Hate is a mighty strong word. But it’s the only clean one I could use on this rant. I hate the Air France Bus.
A month has almost passed since the incident, but I can still feel my blood pressure rising when I think about it. I’ve been in France for 13 years. I’m a patient gal. But sometimes I just can’t bear to accept bad service without saying something about it. I promise to be constructive in my criticism, stick to the facts, and offer alternatives. (Deep breath…)
There are several ways of getting between Paris and Roissy-Charles-de-Gaulle (CDG) Airport, including taxis, RER train, airport shuttles, the Roissy Bus and the Air France Bus (I mention the cheapest way to do it in my October newsletter). When I’ve got too much baggage to haul in the RER, I usually take a taxi (or the city bus) to the nearest Air France Bus pick-up spot. The taxi is about €8, the bus another €15 (one way). The Air France Bus supposedly comes every 30 minutes. I figure I’ll allow 45-60 minutes, just in case.
So I arrive at the bus stop at 11:10am. My flight to the US is at 3pm. I figure I need to be there by 1pm to have time for security and to eat something (I’d been madly packing all morning and didn’t eat…bad start). The drive is usually 45-60 minutes long. The weather is cool bus dry and sunny. At 11:45am, a bus pulls up. “No, this is only to drop off,” says the luggage handler. “Another one is coming in 15 minutes.” “But I’ve been here 40 minutes already,” I say. “You must have just missed the other bus. Don’t worry, another is coming.” So I wait.
At 12:15 another bus pulls up. It’s also “just dropping off” and some of the people waiting with me decide to get in a taxi so they don’t miss their flight. The luggage handler is on his cell phone and tells me another one just left Montparnasse (about 15 minutes away) and will be here any moment.
At 12:30, TWO half-full busses pull up at the same time and they are BOTH just dropping off passengers. No one seems to think it might be a good idea to put all of the people on one bus and let the other one take us to the airport. By now, the sky has clouded over and it is drizzling. I’m getting chilly, and am still starving. There is only one bench at the bus stop, with elderly people huddled on it. Two chain smokers are also huddled under the bus shelter with us. Lovely. At this point, I’m trying to figure out my options. I’d have to go to a cash machine if I hail a taxi. I’d have to risk traffic if I go all the way to the Roissy Bus across town.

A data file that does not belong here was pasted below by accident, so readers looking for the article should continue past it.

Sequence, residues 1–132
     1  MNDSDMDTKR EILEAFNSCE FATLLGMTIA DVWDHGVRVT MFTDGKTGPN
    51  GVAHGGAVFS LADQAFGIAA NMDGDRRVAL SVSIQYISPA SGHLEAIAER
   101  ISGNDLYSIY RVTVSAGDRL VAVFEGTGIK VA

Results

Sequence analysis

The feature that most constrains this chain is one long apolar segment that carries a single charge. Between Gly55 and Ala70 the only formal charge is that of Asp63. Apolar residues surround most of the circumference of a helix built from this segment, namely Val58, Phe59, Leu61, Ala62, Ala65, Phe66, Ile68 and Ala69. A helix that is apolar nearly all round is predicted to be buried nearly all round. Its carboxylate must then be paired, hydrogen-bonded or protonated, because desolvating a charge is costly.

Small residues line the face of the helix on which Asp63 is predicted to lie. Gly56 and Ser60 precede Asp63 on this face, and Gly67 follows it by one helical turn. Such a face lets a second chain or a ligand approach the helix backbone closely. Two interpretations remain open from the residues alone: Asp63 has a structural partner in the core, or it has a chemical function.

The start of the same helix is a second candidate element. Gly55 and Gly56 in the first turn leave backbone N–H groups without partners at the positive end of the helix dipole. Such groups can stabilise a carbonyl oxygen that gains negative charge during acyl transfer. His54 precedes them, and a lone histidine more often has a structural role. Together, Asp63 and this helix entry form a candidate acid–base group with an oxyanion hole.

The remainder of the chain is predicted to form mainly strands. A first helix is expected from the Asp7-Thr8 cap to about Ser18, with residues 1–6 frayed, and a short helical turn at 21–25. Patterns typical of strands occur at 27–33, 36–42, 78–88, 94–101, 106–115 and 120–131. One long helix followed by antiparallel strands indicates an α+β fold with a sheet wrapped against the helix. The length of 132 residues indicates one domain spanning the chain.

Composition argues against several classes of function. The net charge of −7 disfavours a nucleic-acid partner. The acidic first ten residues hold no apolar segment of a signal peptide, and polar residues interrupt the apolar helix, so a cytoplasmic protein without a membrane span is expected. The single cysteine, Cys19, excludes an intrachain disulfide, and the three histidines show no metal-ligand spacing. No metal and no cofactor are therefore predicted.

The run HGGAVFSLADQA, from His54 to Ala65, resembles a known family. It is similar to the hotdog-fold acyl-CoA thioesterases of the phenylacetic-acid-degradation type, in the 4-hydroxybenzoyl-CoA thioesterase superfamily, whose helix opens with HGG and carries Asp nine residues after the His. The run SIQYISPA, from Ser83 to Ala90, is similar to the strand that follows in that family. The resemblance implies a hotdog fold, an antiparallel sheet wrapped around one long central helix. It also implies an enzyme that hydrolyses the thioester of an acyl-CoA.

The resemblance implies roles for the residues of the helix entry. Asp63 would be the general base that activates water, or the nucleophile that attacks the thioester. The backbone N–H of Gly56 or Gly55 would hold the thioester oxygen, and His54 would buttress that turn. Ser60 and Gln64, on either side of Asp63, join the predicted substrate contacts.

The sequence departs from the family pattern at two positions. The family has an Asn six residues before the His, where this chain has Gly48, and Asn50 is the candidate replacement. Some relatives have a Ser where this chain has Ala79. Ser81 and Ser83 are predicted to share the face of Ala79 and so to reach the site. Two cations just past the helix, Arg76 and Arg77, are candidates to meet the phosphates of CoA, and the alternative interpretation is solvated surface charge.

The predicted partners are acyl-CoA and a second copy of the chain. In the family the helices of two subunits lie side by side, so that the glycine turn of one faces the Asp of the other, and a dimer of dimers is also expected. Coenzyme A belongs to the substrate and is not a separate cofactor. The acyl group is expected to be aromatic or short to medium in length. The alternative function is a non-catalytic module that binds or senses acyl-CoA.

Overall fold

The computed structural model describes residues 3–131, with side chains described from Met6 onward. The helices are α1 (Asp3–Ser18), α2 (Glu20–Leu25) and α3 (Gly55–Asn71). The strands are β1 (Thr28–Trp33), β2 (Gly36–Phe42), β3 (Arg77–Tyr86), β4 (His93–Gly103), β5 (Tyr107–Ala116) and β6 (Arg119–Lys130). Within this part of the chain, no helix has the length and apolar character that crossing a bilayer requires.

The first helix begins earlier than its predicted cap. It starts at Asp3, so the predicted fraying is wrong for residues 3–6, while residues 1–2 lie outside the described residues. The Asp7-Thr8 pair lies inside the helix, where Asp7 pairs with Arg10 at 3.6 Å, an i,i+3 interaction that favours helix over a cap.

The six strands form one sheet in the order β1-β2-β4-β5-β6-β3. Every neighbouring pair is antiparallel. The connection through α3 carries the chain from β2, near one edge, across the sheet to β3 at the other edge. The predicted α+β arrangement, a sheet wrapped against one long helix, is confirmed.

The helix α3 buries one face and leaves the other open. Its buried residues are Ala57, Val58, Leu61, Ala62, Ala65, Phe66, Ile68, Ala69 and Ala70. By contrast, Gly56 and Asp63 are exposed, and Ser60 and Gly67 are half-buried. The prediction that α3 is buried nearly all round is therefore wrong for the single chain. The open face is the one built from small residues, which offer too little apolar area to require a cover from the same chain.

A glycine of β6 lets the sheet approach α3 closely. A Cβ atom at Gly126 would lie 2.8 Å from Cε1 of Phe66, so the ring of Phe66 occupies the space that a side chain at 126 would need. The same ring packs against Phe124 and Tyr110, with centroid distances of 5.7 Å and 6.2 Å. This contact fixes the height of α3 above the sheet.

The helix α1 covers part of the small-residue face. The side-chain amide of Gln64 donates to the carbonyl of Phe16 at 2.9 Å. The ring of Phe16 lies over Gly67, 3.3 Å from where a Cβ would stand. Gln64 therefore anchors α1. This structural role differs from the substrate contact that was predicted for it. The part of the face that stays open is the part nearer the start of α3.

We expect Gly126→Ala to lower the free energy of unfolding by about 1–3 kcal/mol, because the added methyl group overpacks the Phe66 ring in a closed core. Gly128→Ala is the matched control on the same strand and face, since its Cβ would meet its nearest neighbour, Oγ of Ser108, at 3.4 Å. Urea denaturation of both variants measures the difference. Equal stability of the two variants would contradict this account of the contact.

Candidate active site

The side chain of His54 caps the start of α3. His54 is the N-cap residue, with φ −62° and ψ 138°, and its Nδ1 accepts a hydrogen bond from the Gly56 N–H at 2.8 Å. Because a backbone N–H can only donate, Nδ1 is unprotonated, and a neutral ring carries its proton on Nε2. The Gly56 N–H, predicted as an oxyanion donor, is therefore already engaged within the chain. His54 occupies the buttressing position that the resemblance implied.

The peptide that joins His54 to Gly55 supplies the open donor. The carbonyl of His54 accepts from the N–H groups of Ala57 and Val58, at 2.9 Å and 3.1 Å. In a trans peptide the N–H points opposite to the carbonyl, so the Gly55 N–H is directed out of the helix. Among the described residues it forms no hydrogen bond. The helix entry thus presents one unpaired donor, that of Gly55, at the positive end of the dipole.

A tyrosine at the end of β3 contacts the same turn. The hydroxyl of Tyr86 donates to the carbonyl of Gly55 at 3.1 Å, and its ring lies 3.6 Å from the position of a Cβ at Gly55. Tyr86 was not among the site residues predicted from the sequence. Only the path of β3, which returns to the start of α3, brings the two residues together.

After the 6th bus passes without picking anyone up, the luggage handler explains there was a bottleneck at the airport, lots of traffic into Paris. “But the roads are clear to Roissy, you’ll be fine.” As if I’m going to believe anything he says at this point.
At 12:55 a bus finally picks us up. We still have to pay €15 of course. And I know I shouldn’t — I KNOW it won’t get me any sympathy — but I can’t help but say to the driver as he’s making change, “I’ve been standing here freezing for an hour and 45 minutes.” I get a defensive, incredulous look and he replies, “Well I’ve been here since 6am.” No point in pointing out that HE is in a heated bus, sitting down, and getting PAID, and NOT trying to catch a flight. I grab my change with a low growl and take my seat.
I arrive at the airport at 2pm, luckily I had already checked-in online, and there was hardly a line at security, so I breezed through and made it to the gate five minutes before boarding.
On the way home, I took the Roissy Bus, which is €8.90, and drops off behind the Opéra about an hour later. I could taxi from there, but it just happens to be on bus line 27, which drops me right in front of my apartment anyway, so I take the city bus with my metro/bus pass, and arrive home 15 minutes later.
Aside from the price, the Roissy Bus also does something very logical and user-friendly which cannot be underestimated in the winter: there is always a bus waiting at the Opera or the airport. When another bus pulls up, it drives away (usually 15-20 minutes between busses). So you’re never standing outside waiting for one, you’re sitting on the warm and dry bus.
So hooray for the RossyBus (a municipal bus, I might add), and boo to the Air France Bus. You’ll never see me on one of those again. Hmph.